Today I want to discuss common brokers’ models in order to help start-up brokers to understand the main advantages and disadvantages of each model and choose an appropriate way of starting their business. There are three main types to choose from: ECN / STP, market marker (MM), and a hybrid model.
ECN means Electronic Communication Network, and it is used to show that the broker is connected to an electronic trading system, where competing bids and offers are sent to one pool. The STP (straight through processing) model is used to show that the broker does not intervene in the execution of order, therefore, all transactions are executed electronically with the highest speed. Formally, the MM broker can also be attributed to this group if execution is made by special software, not manually by dealer.
In the forex community it is widely accepted that brokers directly send all orders to one or more liquidity providers among A-book brokers. This term includes the two models mentioned above. The main advantage of this model lies in the fact that the broker doesn’t bear the risks of clients’ trading and makes money on trade turnover. Therefore it is advantageous for brokers when clients don’t lose their money and trade more. That is why it is a widely accepted opinion among traders that these brokers are more reliable and profitable for them.
Another advantage of this approach is the lower cost of the license and simpler regulation. In recent times this has become very important, as traders increasingly begin to choose brokers having regulation in certain jurisdictions. Unregulated offshore companies are losing clients and trust.
Unlike ECN / STP, a market maker is a broker that doesn’t cover positions on liquidity providers and is obliged to pay for clients’ beneficial trades with its own money – their earnings are clients losses. The general term for them is B-book brokers. On the one hand, this model faces greater risk, but on the other hand, according to statistics, the majority of customers lose their money so usually the revenues of MM-brokers are higher than those of ECN / STP brokers with the same trade volumes. Additionally, if you prefer the MM model to STP, you will probably need more risk solutions to monitor platform abusers and undertake actions to prevent the consequences of such behaviour. That means spending more money on dealing and special software.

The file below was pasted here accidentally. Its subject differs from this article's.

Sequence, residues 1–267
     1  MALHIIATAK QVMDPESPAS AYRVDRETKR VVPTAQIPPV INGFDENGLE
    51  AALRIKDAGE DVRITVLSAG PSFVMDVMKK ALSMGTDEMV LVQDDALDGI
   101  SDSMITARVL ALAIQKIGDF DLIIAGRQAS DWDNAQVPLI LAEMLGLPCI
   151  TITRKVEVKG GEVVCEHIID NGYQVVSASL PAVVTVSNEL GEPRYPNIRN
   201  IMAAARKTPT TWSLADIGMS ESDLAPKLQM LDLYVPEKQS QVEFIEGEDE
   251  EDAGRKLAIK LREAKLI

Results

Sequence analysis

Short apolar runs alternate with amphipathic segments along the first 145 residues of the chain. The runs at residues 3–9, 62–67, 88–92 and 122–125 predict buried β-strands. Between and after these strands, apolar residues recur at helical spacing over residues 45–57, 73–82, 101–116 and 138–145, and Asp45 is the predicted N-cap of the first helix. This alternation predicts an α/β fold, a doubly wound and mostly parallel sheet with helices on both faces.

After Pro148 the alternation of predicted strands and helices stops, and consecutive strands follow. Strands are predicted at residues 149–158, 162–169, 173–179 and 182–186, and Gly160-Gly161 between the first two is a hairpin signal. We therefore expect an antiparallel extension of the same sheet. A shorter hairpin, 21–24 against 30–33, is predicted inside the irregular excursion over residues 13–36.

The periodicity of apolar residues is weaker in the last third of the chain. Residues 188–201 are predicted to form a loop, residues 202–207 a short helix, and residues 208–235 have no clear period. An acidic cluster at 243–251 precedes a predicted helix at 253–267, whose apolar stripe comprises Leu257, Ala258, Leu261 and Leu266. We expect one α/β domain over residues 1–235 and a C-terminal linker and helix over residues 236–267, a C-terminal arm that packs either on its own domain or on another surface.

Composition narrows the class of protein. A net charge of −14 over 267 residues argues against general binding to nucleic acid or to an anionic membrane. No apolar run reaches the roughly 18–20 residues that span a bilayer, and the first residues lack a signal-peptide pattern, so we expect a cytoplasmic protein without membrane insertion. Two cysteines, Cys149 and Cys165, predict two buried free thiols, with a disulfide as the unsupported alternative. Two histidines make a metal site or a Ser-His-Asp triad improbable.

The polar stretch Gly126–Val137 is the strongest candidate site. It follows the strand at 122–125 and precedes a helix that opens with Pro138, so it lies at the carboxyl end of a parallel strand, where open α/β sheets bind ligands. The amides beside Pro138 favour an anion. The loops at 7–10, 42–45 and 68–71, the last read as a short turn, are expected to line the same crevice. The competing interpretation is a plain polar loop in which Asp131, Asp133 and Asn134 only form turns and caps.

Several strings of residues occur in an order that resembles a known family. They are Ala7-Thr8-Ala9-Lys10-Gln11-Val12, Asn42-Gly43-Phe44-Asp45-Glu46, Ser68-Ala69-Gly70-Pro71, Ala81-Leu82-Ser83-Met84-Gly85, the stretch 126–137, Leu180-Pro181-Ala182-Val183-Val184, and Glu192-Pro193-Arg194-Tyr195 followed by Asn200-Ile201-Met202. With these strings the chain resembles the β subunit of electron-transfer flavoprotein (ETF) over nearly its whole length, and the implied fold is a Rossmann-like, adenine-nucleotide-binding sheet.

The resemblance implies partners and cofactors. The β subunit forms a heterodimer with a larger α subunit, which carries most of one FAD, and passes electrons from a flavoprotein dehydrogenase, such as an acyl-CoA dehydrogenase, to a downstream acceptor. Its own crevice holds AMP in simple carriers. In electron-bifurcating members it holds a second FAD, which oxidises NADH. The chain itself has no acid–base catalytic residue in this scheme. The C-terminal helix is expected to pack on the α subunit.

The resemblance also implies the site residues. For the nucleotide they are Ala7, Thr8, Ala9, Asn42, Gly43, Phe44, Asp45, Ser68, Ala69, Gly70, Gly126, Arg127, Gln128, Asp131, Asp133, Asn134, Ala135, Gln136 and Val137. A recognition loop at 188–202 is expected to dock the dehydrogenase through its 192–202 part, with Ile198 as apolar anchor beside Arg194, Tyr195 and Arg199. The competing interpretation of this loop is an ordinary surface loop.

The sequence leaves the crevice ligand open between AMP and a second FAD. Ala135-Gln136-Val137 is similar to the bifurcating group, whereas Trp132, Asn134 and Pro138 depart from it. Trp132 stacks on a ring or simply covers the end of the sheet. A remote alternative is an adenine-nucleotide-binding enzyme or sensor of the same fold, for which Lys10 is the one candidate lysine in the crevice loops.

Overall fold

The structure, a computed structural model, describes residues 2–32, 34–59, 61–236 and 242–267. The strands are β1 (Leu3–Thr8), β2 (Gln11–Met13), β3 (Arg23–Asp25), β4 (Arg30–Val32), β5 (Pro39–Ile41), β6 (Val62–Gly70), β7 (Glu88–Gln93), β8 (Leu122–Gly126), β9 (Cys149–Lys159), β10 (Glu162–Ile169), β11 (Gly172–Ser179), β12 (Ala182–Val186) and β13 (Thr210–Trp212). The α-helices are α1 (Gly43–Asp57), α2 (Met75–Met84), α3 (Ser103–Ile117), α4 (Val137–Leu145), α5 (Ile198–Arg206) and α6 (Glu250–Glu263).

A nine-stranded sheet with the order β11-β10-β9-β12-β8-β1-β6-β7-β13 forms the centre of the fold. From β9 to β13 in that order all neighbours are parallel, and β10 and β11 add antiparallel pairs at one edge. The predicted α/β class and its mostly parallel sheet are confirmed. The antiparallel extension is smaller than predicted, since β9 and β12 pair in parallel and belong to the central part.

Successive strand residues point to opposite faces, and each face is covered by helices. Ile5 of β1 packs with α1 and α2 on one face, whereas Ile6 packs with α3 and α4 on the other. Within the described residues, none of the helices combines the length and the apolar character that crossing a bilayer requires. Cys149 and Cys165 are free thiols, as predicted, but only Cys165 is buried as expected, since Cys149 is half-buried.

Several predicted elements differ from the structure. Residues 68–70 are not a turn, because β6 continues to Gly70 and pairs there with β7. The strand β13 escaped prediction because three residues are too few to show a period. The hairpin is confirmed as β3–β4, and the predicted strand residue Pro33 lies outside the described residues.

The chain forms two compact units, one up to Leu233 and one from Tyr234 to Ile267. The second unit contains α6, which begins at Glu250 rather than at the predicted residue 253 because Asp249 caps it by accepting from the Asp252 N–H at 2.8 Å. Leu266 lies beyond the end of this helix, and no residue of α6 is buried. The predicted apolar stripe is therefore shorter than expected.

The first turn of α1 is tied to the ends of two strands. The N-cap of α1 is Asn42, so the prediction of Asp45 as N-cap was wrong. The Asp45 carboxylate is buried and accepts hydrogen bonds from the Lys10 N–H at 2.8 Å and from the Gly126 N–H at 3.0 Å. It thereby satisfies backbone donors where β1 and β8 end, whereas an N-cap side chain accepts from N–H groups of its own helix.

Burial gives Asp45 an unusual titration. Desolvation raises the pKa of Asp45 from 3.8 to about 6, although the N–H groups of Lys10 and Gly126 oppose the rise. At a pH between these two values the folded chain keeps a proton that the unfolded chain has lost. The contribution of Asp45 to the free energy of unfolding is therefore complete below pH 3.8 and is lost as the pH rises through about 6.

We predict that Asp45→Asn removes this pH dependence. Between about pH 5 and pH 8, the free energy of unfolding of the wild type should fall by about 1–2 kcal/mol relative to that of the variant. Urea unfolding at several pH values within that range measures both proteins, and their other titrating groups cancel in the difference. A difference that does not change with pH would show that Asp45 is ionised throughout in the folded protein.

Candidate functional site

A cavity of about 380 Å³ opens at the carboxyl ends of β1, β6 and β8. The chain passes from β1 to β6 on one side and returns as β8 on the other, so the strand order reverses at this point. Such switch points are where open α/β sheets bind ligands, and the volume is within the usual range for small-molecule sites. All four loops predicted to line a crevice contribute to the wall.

However, you need to bear in mind one more point: if you want to get an MM broker license in an acknowledged non-offshore jurisdiction, you will need a large security deposit (from 100,000 to 1 million depending on the jurisdiction), and additionally you will have to submit reports to the regulator.
It is also worth mentioning here, that some offshore locations don’t have forex licensing at all. That is why some brokers open an MM company offshore, while opening the other one with the ECN / STP license in a certain regulated jurisdiction to gain more customer trust. In this scheme the offshore MM company acts as the liquidity provider. This allows a broker to display a license from a respectable regulator, but actually to remain an offshore MM with minimal costs.
Many brokers mix these models and pass only part of the clients’ orders to an A-book execution, the rest of the clients are processed by a B-book scheme. Here the scheme may also vary: some brokers choose to pass to the liquidity pool themselves and this is unnoticeable to the client; others offer separate ECN/STP accounts with a guaranteed transmission of orders to the interbank market.
What to Look for in a Liquidity ProviderGo to article >>
Let’s sum up the main points about the two primary models that a broker can use:
The STP model is more trusted by traders, whereas there are some tricks for an MM to position itself as an STP;
It’s easier for A-bookers to register company under trusted jurisdiction;
STP brokers don’t bear risks from scalping strategies;
The origin of revenue for B-book brokers is client losses, unlike commissions and mark-ups for A-book;
As a rule, an MM earns more than an STP/ECN broker.
So, it’s up to you what model to choose, however you need to understand what target audience you want to attract with this model. This will lead you to clearer vision of jurisdiction and model you want to choose, as well as the accompanying risks and costs to be incurred.
This article was written by Aleksey Kutsenko, founder and CEO of Tools for Brokers Inc. and member of the Dispute Resolution Committee of FinCom.